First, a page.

• CIT has articulated ambitious goals as part of its HEA compact on student progression and success.
  • We are working with a clear understanding that student engagement, progression, and success are the business of everyone in our institute, as described in our academic plan.
  • We work to build cohesive, sustainable change by empowering staff and students to shape their teaching and learning experiences.
  • CIT’s continued resourcing and support of AnSEO and TLU activities gives voice to an explicit intention to follow some of the best thinking, as illustrated above.

Students have the most important role to play as engaged learners, and we want them to really recognise this. At the same time, we also seek to develop and support the critical role staff have to play in cultivating an effective partnership approach to student communications and engagement.

 —Dr Áine Ní Shé,
Registrar and VP for Academic Affairs, Cork Institute of Technology

Risam Uile: Let us all achieve!


Bovill, C. and Bulley, C.J. (2011) ‘A model of active student participation in curriculum design: Exploring desirability and possibility’.

Bryson, C. (ed.) (2014) Understanding and Developing Student Engagement. Routledge.

Chang, M.J., Chang, J.C., and Ledesma, M.C. (2005) ‘Beyond magical thinking: Doing the real work of diversifying our institutions’, About Campus, 10(2), 9–16. doi: 10.1002/abc.124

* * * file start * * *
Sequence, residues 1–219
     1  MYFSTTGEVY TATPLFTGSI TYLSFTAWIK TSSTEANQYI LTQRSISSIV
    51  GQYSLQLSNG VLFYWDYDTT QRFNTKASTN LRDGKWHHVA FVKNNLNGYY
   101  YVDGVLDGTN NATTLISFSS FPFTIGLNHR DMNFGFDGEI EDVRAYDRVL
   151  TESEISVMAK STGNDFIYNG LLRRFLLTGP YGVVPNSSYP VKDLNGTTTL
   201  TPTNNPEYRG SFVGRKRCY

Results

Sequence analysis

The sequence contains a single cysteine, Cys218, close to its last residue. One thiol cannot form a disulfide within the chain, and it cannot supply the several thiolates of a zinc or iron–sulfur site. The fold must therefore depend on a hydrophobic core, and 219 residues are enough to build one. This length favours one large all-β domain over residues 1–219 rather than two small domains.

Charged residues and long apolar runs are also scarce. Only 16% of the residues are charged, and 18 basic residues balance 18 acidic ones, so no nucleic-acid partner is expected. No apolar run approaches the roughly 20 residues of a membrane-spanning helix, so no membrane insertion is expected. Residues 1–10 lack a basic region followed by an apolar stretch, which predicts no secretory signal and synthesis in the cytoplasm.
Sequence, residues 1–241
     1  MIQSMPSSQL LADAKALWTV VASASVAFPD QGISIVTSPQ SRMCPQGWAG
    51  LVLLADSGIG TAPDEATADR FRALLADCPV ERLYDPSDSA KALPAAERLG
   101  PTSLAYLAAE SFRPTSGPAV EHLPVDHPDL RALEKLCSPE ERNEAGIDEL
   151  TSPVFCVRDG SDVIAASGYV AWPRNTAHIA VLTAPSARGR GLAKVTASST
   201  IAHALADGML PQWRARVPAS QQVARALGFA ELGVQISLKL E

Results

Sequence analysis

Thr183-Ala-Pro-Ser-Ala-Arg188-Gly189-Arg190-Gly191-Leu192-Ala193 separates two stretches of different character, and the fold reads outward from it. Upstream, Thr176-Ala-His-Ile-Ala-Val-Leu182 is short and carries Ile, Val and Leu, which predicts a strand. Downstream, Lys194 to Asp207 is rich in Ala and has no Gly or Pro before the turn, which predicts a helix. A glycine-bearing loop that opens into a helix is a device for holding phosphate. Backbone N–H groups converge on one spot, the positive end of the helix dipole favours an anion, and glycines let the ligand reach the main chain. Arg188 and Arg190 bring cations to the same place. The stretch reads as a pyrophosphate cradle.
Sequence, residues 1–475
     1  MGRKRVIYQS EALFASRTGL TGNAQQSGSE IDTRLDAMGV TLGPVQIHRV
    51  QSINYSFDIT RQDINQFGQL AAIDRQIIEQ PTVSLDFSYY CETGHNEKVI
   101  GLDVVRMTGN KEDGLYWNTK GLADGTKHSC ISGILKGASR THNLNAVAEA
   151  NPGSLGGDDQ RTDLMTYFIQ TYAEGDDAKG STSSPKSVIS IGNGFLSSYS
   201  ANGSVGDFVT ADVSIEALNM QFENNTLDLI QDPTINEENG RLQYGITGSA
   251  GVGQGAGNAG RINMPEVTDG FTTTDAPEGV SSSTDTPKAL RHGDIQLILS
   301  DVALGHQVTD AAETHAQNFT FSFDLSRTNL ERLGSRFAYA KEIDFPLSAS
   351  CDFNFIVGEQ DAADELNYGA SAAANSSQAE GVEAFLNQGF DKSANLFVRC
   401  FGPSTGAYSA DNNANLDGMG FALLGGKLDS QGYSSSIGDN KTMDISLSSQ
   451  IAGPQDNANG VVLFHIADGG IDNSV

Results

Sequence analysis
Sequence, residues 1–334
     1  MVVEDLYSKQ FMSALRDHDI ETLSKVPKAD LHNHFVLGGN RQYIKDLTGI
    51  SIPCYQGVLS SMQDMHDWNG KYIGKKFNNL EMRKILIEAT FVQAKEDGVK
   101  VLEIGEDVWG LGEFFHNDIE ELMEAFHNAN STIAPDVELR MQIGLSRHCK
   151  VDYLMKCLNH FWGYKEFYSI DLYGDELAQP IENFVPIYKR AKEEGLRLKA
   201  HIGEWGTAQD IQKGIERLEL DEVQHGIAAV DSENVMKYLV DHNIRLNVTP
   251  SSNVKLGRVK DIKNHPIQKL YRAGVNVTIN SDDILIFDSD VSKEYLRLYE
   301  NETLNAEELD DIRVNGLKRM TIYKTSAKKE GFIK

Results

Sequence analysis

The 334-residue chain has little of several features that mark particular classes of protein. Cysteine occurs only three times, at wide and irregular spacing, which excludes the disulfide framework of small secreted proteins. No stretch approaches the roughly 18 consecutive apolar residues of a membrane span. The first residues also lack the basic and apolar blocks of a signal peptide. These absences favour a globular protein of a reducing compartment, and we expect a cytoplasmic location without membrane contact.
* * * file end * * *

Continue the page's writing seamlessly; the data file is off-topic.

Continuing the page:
Felten, P., Gardner, J.N., Schroeder, C., Lambert, L., Barefoot, B., and Hrabowski, F. (2016) The Undergraduate Experience: Focusing Institutions on What Matters Most. Jossey-Bass.

Morgan, M. (ed.) (2011) Improving the Student Experience: A Practical Guide. Abingdon: Routledge.

National Forum for the Enhancement of Teaching and Learning Strategy (2019) Strategy 2019–2021: Leading Enhancement and Innovation in Teaching and Learning.

Student Partnerships in Quality Scotland (sparqs) (2019)

The Student Engagement Partnership (2019)

Thomas, L. (2013) ‘What works? Facilitating an effective transition into higher education’, Widening Participation and Lifelong Learning, 14(1), 4–24.

Tinto, V. (2012) Completing College: Rethinking Institutional Action. University of Chicago Press.

Trowler, P. and Trowler, V. (2011) Student engagement: Toolkit for leaders.